Moniek Fiszauf, Mark Fishauf (the name was changed in America), Born July 12, 1922
Moniek would be called the Houdini of the Holocaust because he was known for escaping numerous times. He lost an eye in Auschwitz. It was never talked about in the family as to how he lost his eye. He was also known as a number because he was tattooed but never exposed his arm to be documented. He remembers his father being sent to the chambers. After the camps, Moniek went to Berlin and from there he went to New York, then to Los Angeles and discovered Chula Vista. His wife, Musia was born in Russia and immigrated to Tijuana. There he met his future wife. Moniek discovered the dog races, got his haircut and met people in Tijuana. Musia and her mom had a curio shop in Tijuana and this is where they met.
The only two people that survived the holocaust were Moniek and his brother Fred. Fred came to the United States first and then Moniek followed him. His immigration papers now referred to him as Mark Fishauf and this is how he lived out his life in Chula Vista. Mark was a butcher in Los Angeles and then decided to move to Chula Vista owning a grocery store. Ed remembers his father being a hard worker, and his mother was the cashier. The store was open 7 days a week. It was called Mark’s Food Market on the corner of 3rd and K St. After being in the grocery store he opened up Economy Furniture in 1965. It was Mark’s brother in law, Leibi Lipowsky, that helped him established the furniture business and with many blessings, they ran a very successful business.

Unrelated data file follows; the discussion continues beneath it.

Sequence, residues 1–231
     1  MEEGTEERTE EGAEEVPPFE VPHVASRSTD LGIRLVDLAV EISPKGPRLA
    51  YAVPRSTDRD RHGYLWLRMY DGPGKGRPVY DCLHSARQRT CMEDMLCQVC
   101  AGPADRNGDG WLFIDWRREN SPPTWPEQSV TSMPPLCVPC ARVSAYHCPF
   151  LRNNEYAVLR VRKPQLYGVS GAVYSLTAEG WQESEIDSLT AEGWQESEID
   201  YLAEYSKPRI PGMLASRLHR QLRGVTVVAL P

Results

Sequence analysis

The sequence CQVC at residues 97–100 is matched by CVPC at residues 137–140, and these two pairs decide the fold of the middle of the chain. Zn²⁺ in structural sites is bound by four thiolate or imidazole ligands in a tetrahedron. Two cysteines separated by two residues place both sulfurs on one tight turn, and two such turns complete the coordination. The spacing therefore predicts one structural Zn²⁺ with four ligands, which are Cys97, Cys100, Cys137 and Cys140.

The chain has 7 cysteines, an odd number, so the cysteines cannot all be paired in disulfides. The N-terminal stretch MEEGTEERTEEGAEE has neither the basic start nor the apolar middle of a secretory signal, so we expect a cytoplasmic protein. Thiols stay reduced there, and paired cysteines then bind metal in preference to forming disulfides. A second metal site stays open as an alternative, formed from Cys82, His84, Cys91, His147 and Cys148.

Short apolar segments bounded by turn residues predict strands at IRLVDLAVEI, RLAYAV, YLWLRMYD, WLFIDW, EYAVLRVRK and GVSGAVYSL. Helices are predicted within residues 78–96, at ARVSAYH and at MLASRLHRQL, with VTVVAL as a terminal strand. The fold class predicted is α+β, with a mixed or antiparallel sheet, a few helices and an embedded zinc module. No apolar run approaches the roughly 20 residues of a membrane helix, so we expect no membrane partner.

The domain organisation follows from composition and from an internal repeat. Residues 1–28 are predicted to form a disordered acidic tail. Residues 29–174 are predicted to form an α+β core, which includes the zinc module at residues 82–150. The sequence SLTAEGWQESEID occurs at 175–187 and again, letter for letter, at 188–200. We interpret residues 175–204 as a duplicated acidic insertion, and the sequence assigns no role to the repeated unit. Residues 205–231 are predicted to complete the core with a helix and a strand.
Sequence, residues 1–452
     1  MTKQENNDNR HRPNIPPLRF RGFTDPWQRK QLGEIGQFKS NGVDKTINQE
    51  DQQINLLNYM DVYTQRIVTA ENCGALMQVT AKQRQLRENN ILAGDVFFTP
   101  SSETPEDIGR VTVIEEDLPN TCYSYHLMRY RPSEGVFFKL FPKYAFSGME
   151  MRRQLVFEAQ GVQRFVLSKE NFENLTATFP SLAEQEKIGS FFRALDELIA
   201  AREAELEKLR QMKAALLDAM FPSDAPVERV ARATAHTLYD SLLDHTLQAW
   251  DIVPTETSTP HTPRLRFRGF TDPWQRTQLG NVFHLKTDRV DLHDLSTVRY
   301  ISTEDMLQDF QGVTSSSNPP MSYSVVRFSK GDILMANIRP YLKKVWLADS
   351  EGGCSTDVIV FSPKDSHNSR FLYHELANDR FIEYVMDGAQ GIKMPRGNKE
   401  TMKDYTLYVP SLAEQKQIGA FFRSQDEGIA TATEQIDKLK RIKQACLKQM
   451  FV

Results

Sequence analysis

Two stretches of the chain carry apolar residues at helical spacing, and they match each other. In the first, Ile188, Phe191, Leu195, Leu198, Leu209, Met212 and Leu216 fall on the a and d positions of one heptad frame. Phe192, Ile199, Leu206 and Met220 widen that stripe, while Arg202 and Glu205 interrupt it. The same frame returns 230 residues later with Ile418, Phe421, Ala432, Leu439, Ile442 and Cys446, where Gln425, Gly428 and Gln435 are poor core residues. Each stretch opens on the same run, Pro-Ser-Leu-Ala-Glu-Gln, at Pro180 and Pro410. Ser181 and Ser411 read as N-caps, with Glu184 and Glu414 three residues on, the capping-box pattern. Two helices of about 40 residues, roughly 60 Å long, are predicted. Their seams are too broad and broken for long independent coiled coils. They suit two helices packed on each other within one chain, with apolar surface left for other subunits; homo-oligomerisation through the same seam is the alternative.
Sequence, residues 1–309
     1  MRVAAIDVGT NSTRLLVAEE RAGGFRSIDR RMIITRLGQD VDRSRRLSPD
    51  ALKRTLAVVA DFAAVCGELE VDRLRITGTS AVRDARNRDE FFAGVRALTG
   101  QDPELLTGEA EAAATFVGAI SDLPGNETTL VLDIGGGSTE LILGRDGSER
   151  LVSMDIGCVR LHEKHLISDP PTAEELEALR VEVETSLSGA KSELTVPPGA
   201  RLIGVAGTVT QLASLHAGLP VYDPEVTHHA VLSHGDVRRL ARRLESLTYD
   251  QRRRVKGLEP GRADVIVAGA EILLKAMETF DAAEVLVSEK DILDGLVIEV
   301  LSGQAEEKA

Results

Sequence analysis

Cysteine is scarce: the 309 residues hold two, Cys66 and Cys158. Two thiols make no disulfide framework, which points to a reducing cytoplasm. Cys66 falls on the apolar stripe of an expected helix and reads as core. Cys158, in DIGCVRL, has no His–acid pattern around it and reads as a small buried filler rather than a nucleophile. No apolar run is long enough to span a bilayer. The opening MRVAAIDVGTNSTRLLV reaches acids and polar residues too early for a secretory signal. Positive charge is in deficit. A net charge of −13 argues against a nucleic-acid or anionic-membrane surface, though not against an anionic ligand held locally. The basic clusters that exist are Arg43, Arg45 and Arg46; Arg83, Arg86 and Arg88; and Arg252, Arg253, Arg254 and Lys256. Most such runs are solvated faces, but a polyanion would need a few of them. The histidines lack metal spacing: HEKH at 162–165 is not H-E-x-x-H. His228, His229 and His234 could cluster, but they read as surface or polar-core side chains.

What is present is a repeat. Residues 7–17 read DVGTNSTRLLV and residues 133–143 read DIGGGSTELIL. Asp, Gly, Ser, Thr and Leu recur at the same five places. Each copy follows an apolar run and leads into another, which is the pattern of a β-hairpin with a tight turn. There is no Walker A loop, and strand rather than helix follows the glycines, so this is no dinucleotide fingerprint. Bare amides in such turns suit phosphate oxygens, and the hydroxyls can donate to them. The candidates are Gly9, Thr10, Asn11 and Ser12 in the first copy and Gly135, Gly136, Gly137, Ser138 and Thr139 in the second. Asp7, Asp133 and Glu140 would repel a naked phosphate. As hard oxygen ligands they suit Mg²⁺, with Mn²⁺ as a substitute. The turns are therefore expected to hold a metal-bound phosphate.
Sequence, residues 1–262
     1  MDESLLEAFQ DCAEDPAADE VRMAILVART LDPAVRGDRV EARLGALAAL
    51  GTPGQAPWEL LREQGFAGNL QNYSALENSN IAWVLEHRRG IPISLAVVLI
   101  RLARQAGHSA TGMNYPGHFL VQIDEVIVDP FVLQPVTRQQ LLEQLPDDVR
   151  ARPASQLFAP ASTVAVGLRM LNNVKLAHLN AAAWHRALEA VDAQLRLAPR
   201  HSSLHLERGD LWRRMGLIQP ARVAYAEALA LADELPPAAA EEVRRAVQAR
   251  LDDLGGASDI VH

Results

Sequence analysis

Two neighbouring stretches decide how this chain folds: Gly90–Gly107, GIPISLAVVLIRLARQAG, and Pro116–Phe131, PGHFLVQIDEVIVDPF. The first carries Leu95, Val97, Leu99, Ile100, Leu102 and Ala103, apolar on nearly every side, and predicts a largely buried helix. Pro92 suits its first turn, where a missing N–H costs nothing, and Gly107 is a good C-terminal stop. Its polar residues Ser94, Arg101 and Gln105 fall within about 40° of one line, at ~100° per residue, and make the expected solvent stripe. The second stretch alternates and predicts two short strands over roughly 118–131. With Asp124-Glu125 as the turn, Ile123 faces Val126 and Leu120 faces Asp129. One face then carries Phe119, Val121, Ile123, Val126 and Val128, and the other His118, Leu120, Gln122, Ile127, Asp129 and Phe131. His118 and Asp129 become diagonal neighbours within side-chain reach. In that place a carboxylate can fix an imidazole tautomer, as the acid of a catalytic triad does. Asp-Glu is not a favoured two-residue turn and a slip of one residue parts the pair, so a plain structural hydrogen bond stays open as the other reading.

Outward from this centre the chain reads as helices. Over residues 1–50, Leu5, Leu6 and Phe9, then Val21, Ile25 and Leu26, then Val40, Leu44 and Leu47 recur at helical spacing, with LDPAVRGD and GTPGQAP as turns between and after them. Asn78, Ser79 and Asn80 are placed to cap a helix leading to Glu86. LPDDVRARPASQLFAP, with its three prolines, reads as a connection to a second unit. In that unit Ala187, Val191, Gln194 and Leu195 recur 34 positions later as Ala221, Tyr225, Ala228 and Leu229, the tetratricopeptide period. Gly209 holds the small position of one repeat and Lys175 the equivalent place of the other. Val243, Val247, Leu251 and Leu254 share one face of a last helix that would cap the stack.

With Ed being an only child he was so loved by his parents and his beloved Grandmother from his mother’s side. Grandma Golda was an amazing cook and she did spoil “little” Eddie. Having the grandmother take care of Ed made things easier for Mark to grow his business. As Ed explained to me, his father just didn’t bring up the subject of being in the Holocaust. Maybe because Ed was so young, parents of the Holocaust didn’t speak about it for numerous reasons and unfortunately, Ed only knew so much. One thing Ed made clear was that this should never ever happen again. To lose so much of your life and survive this made Ed wonder about those that fought to live. Kids would come up to Mark and wondered about his tattoo and Mark would reply that it was his girlfriend’s phone number. He never covered it up and wasn’t afraid to show it, but he never talked about it. Ed remembers that the tattoo was on top of the arm. Ed had such respect for his father and knew that this was a subject that was not to be discussed. Maybe today Ed wishes that he knew more about his father but is grateful for what he does know. The Fishauf family was a true Kosher home. The meat was purchased in Los Angeles and the meat was soaked in salt in the kitchen. Mr. Fishauf was such a huge donor in keeping Temple Beth Shalom alive. Numerous plaques honored Mr. Fishauf for this giving to his community. One of the things that were difficult in the family was that Ed married someone not Jewish in 1982. This made things very difficult for the entire family because Mr. Fishauf just could not accept that his son would marry someone not Jewish. Mark passed at the young age of 68 very suddenly. Ed knew that he needed to be with his mom so they came to terms and he was able to be with her until she passed a year later in 1990.
This is not an unusual situation for someone non-Jewish to not be accepted in a Jewish family, even more so when it comes to someone who was in the holocaust and survived. Ed’s 2nd son was born on Moniek’s birthday and is also named Mark. His other grandchildren are Nathan, Golda, and Zach.